Distillery Historic District

Being completely honest, before my first trip to Ontario, I was not excited to see Toronto. I’d seen a big city before and I had never heard of any real cultural or historic significance to the area. Then I stumbled upon the Distillery Historic District, located around the Parliament Buildings, stretching from Mill Street to Cherry Street. I immediately fell in love with the rustic area that felt like a piece of old world Europe dropped into a metropolis of Canada. But even more than that, it didn’t feel like a constructed tourist destination with its atmosphere of pure authenticity.

In 1832, the Gooderham and Worts Distillery opened, still thriving today, that building is the centre of the Distillery Historic District. However, it was not until 2003 that the area was declared a designated national heritage site and became a popular destination for tourists and locals alike. It is the largest, preserved collection of Victorian Industrial Architecture in North America. Needless to say, you won’t find any sky scrapers and business suits here.

What you will find is one of Canada’s trendiest and most artistic neighbourhoods. The European styled buildings have created a fresh area for artists to escape the chaotic city without trudging into the wilderness. The streets are lined with art galleries and small shops. You’ll be sure to find something that suits your taste as the variety as the diversity of art is astounding for only 13 acres of Toronto. Beware though, if you are an art connoisseur looking to purchase some pieces, bring cash as many of the shops are so small they do not accept credit cards or cheques.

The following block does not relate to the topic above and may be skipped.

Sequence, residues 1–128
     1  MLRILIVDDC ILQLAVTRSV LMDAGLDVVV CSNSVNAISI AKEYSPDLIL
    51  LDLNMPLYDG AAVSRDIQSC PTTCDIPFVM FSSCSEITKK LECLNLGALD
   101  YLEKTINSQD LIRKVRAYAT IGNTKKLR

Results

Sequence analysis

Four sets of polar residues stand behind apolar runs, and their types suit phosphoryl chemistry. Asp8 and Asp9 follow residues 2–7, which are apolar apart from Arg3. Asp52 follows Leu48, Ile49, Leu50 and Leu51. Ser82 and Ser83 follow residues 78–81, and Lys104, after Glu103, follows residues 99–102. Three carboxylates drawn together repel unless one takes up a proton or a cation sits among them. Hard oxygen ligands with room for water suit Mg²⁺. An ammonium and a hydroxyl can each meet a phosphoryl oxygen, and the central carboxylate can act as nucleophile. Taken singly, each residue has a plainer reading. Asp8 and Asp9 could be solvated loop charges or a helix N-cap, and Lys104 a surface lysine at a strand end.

Being an art lover on a budget, I avoided buying anything and, instead, took in some of the other mediums the district had to offer: mainly the cuisine. The variety of places to eat ranged from large restaurants to small coffee shops. The many small cafes littering the streets made for a perfect light lunch on a warm afternoon, while admiring the picturesque Victorian architecture. I really did find myself falling into a European day dream. The larger restaurants are also great. Many have large patios and provide live music at night. Most is local talent, another quality I found that made the District so genuine.

To preserve the nature and authenticity of the District, there are no franchises permitted in the area. So you won’t find a Starbucks or McDonalds. The entire area comes across as entirely genuine. I found it absolutely ideal for a relaxing day of soaking up culture and beauty. Now I make frequent visits to Toronto to visit friends and have made the Distillery Historic District an obligatory part of each trip.

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